location /code {
        rewrite ^/code(/.*) $1 break;

The most common thing people get wrong when hand-rolling a configuration like this is to get the slashes wrong. Fossil is sensitive to this. For instance, Fossil will not collapse double slashes down to a single slash, as some other HTTP servers will.

Allowing Large Unversioned Files

By default, nginx only accepts HTTP messages up to a meg in size. Fossil chunks its sync protocol such that this is not normally a problem, but when sending unversioned content, it uses a single message for the entire file. Therefore, if you will be storing files larger than this limit as unversioned content, you need to raise the limit. Within the location block:

    # Allow large unversioned file uploads, such as PDFs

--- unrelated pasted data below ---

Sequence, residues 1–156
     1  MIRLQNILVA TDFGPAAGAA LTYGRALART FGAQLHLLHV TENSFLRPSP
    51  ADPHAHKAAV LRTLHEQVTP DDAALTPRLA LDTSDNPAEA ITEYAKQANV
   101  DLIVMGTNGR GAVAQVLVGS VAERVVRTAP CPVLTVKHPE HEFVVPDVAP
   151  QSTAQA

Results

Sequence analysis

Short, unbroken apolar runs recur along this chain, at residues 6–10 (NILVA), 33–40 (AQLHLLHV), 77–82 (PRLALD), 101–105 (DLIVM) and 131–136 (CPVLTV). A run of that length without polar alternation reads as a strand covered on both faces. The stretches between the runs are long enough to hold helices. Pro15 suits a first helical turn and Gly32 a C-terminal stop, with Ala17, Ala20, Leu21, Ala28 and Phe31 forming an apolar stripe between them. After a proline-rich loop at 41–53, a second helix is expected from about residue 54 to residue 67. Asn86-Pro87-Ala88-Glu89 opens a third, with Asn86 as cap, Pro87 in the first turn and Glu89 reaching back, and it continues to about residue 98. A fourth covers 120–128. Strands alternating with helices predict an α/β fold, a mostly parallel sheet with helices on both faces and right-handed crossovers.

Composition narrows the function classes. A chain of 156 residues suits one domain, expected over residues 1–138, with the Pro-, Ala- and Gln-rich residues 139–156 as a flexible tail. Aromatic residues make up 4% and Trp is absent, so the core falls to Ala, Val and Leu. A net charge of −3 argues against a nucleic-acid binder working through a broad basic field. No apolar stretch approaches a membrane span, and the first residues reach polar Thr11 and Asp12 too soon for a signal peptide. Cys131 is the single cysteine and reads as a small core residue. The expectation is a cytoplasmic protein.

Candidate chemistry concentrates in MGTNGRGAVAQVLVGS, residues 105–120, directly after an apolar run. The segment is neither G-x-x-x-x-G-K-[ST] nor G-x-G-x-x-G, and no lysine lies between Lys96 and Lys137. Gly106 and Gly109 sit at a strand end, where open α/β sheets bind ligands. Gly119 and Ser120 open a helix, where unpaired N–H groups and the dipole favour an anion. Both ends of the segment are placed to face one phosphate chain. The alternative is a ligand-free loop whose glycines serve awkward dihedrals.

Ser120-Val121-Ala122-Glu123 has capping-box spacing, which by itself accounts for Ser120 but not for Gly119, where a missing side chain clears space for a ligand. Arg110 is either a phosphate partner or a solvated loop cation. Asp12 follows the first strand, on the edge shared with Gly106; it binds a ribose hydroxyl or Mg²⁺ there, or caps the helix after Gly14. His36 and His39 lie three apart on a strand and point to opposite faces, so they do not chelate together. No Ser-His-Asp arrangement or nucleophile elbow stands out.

client_max_body_size 20M;

Integrating fail2ban

One of the nice things that falls out of proxying Fossil behind nginx is that it makes it easier to configure fail2ban to recognize attacks on Fossil and automatically block them. Fossil logs the sorts of errors we want to detect, but it does so in places like the repository’s admin log, a SQL table, which fail2ban doesn’t know how to query. By putting Fossil behind an nginx proxy, we convert these failures to log file form, which fail2ban is designed to handle.

First, install fail2ban, if you haven’t already:

  sudo apt install fail2ban

We’d like fail2ban to react to Fossil /login failures. The stock configuration of fail2ban only detects a few common sorts of SSH attacks by default, and its included (but disabled) nginx attack detectors don’t include one that knows how to detect an attack on Fossil. We have to teach it by putting the following into /etc/fail2ban/filter.d/nginx-fossil-login.conf: